THE VISION OF A NEW CENTURY
Panama tries to blow some fresh air into tourism development with the revamping of the Panama Tourism Institute (IPAT) in virtue of Decree Law 4 dated February 27, 2008, which is very much in sync with modern trends that must rule this economic powerhouse in the country.
“IPAT is not a ministry or a bureaucratic entity, but an incomemaking body. IPAT can be construed as something similar to the Canal Authority,” Panama’s Tourism Minister Ruben Blades said during a conversation held in March at the Conference Hall of Panama’s National Journalism Council (CNP).
Mr. Blades, a celebrated songwriter and singer, was tapped by President Martin Torrijos to lead the country’s tourism sector. Since then, he’s conducted a hardworking effort to reposition his homeland in terms of investments, infrastructure and personnel training, let alone paint a brighter picture of his country’s tourism overseas.
“We used to have an administration completely based on the basics of the 20th century, that is, the 1960s. How can we meet new goals in the 21st century? We had a problem with that because we needed to enact the new law and get the necessary support,” he added.
In the same breath, a new Tourism Development Master Plan was passed in virtue of Decree Law 4 dated February 27, 2008, “a new law that’s going to shed far more light on areas that are key to us in order to clinch efficiency and service quality.”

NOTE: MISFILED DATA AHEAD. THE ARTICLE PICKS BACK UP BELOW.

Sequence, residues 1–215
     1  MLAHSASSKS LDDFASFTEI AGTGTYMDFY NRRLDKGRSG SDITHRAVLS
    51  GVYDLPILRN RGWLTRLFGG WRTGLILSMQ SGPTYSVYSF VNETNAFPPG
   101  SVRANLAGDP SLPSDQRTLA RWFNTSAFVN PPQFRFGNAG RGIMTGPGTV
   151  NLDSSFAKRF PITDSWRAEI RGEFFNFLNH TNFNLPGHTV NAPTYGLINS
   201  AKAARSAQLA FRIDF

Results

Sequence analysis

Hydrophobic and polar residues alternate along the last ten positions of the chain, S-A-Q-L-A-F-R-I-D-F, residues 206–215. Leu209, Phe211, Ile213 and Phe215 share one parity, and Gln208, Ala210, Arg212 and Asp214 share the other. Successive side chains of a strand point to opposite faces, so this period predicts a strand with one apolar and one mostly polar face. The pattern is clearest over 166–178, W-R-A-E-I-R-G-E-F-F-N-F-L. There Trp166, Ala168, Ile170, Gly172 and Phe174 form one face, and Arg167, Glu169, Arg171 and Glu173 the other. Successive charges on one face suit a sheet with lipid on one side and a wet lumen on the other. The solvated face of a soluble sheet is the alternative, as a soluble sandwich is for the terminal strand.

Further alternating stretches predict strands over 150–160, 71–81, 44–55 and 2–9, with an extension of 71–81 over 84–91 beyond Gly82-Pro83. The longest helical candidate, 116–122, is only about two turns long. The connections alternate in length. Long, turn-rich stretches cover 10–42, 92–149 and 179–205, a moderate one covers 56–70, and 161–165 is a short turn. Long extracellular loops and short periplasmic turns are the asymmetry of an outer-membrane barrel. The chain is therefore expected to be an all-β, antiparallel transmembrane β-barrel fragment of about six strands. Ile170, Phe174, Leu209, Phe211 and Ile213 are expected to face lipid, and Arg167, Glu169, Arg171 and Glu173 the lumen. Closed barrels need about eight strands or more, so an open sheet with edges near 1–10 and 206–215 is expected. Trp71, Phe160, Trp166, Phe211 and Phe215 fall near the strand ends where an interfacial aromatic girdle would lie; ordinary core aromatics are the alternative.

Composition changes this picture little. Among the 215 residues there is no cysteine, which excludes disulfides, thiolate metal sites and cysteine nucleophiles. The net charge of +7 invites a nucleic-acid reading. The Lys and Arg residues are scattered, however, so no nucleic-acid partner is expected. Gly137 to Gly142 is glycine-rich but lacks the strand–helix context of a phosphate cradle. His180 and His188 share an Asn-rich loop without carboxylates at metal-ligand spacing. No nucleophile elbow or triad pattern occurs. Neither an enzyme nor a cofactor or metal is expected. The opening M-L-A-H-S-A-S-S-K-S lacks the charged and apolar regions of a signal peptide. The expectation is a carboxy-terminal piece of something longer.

The new Tourism Act will open up a permanent office for the Tourism Development Master Plan, a move that guarantees the assessment of new goals and empowers the next Panamanian administration to follow up on the Plan.
In this respect, Minister Blades explained that “the former plan and its goals, from 1992 to 2002, didn’t have the possibility of being gauged. Goals could be as noble and embracing as they got, but no one ever checked that out and found out whether they were working or not. Why? Because there was no such thing as a permanent office. In addition, a 10-year master plan like this implies that the following government will be picking up where the previous administration left off. That is, build on the early achievements.”
As to international advertising campaigns, this is what he had to say: “We’ll earmark $39.5 million over the next five years for promotion overseas. In this case, IPAT determines where the money goes to and why. That’s a way of assessing the going of the campaign. At the same time, we’re separating the domestic campaign from the external campaign, so everything won’t rest on the shoulders of just one company.”
As far as current challenges are concerned, Mr. Blades mentioned the need to build new airport infrastructure in order to widen passenger flows, step up promotion in different travel destination, improve personnel and staff training for the new jobs to be created, prevent tourist attraction areas from being affected by mining, and make Kuna and Embera Indians sign up for training courses and projects.
Panama turism minister Ruben Blades is at the helm of debates on the indutry’s New Act that fosters investments, and the development of its infrastructure and human resources